One thing is for certain, Walter Isaacson’s biography of the late Steve Jobs doesn’t pull a punch and neither did Jobs during his life.
Isaacson, CEO of the Aspen Institute as well as author of Benjamin Franklin: An American Life and of Kissinger: A Biography, conducted over forty interviews during a period of two years with the co-creator of Apple Inc. He also interviewed family, friends, competitors, and colleagues over that same period to make the book as well rounded and factual as possible.
Jobs agreed to the book, refusing the right to read it before release nor did he ever ask for any input into the writing. According to Isaacson, no subject or aspect of the computer giant’s life was ever off the table.
Jobs told Isaacson that he believed in brutal honesty. “That’s the ante for being in the room. So we’re brutally honest with each other and all of them can tell me they think I’m full of shit, and I can tell anyone I think they’re full of shit,” Jobs said. “And we’ve had some rip-roaring arguments where we’re yelling at each other.”
And honest he was. In the interviews, Jobs called Bill Gates “unimaginative,” especially when it came to the creation of his operating system.
“Bill is basically unimaginative and has never invented anything, which is why I think he’s more comfortable now in philanthropy than technology,” Jobs told author Walter Isaacson. “He just shamelessly ripped off other people’s ideas.”
Jobs had the same anger towards Google and it’s Android smart phone. According to the biography, Jobs believed to his dying day that the Android was simply a reworked copy of the iPhone. He had been a mentor to Google co-founders Larry Page and Sergey Brin and had welcomed Google’s CEO at the time, Eric Schmidt, to be on Apple’s board.
“I will spend my last dying breath if I need to, and I will spend every penny of Apple’s $40 billion in the bank, to right this wrong,” Jobs told Isaacson. “I’m going to destroy Android because it’s a stolen product. I’m willing to go to thermonuclear war on this. They are scared to death because they know they are guilty.”
That Steve Jobs was a poor manager may be true. He seemed to live in a world of conflict, feeling that it created a more creative atmosphere. That he was sometimes uncaring of others’ feelings and had a reputation for a violent temper and that brutal honesty that he craved is also one of record. None of what’s in this book will be all that surprising; it’s nothing he hadn’t said out loud in the press, in busines meetings, or at the unveiling of each new Apple product.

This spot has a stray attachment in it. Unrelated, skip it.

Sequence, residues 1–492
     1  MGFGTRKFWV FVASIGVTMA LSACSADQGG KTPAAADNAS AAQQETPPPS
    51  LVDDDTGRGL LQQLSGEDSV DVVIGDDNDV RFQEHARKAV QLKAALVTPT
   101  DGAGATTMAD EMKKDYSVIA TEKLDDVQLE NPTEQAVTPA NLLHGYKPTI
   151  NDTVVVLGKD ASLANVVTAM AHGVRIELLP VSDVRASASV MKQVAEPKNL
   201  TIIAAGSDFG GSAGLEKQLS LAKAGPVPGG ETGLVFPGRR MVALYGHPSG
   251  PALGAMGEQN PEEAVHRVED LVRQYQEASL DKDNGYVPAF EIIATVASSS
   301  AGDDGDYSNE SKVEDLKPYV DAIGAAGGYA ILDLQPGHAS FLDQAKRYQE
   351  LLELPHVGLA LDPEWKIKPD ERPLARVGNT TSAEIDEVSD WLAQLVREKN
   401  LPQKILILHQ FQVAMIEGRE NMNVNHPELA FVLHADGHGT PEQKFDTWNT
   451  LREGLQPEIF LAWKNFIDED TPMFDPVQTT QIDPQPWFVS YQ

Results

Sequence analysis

But he was a visionary, doing exactly as he always said he would do–making the computer accessable for every desk top. He was also a deep spiritual man, spending time in ashrams and meditation, exploring the religions of the world. Born at the right time, the hippie movement of the sixties and early seventies made a mark on him that never went away.
And before Bill Gates created his foundation, Steve Jobs was donation Macintosh computers to schools and the underprivileged for years. Education was foremost to Steve Jobs, the ability to free one’s mind and learn, to reach the stars and beyond.
I was one of those that benefited from Jobs’ generosity–he had donated several hundred computers to the English Department at Ohio State University. I was in the first class that used those computers, it was for my Freshman Comp class. As I called them then, the Macs were “idiot proof.” I had been intimidated by them at first but the ease of the operating system made them easy for me. I’ve been a Macintosh lover since then and always will be. But it was because of Steve Jobs.
Jobs was a complex man, but a good soul. This biography explores more than just the business side of his personality by those who knew him well and those who probably knew him a little more than they wanted to.
You can purchase a copy of Walter Isaacson’s biography of Steve Jobs locally from Joseph-Beth Booksellers in the Lexington Green Mall on Nicholasville Road or Barnes & Noble in the Hamburg Pavilion Shopping Center on Man o’ War Blvd.
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